- Hansard - - - Excerpts

The Secretary of State mentioned car exports to Malaysia. That, of course, will not make up for the millions of pounds that we now risk losing because of the suspension of the deal with Canada for the automotive industry. The Bill will do nothing to tackle that, because it is based on the accumulation of EU content that we need. Will the Secretary of State tell us what on earth she will do to fight for British car makers, given that we shall now have the worst of all worlds, and we are not even part of a “Canada-style deal” with Canada?

Kemi Badenoch Portrait Kemi Badenoch
- Hansard - -

First, Canada is part of the CPTPP. Secondly, the rules of origin, to which the hon. Lady was referring, have still not been fully decided; that will come in March. We are working with our counterparts in Canada. I think the hon. Lady was confusing the discussions on rules of origin with discussions on cheese, which is an entirely different issue.

UK companies will enjoy greater market access in some of the nine countries with which we already have bilateral agreements. Let us take Mexico. Under our current bilateral agreement, chocolate producers must pay a tariff of about 25%, but on accession that will drop to zero. We also said at the outset of our negotiations that we would like our businesses to benefit from the key trade quotas that this agreement offers. I am pleased to tell the House that we have secured access to those quotas as part of our negotiations. That means, among other things, that we have secured better access for UK dairy producers selling to Canada, Japan and Mexico, and it probably explains why Minette Batters, the president of the National Farmers Union, has said that the agreement could provide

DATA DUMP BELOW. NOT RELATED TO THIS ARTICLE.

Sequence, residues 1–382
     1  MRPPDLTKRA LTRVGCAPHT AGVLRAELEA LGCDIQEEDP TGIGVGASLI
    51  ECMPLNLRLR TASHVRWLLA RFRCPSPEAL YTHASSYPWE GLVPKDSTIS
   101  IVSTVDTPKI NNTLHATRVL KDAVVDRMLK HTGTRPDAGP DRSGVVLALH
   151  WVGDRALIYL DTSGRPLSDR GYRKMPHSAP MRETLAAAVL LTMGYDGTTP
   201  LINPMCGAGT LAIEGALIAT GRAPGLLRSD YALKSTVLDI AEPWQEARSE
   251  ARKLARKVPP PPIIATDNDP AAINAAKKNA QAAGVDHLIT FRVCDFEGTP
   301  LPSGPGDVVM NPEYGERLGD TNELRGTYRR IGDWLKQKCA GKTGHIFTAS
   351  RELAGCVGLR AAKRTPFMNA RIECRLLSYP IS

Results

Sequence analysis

“good opportunities to get more fantastic British food on plates overseas.”

I am sure that all Members here today would warmly welcome such an outcome.

Neil Hudson Portrait Dr Neil Hudson (Penrith and The Border) (Con)
- Hansard - - - Excerpts

I commend the Secretary of State and the Government for the stance that they have taken with our friends and allies in Canada, namely that the UK will not permit the import of hormone-treated beef. It is important that we can be a beacon to the rest of the world in that regard. Can the Secretary of State reaffirm to the House and the country that we will stand firm in continuing to prohibit the import of not only hormone-treated beef, but ractopamine-treated pork and chlorine-washed poultry? It is vital that we uphold animal health and welfare standards, as well as helping to protect public health.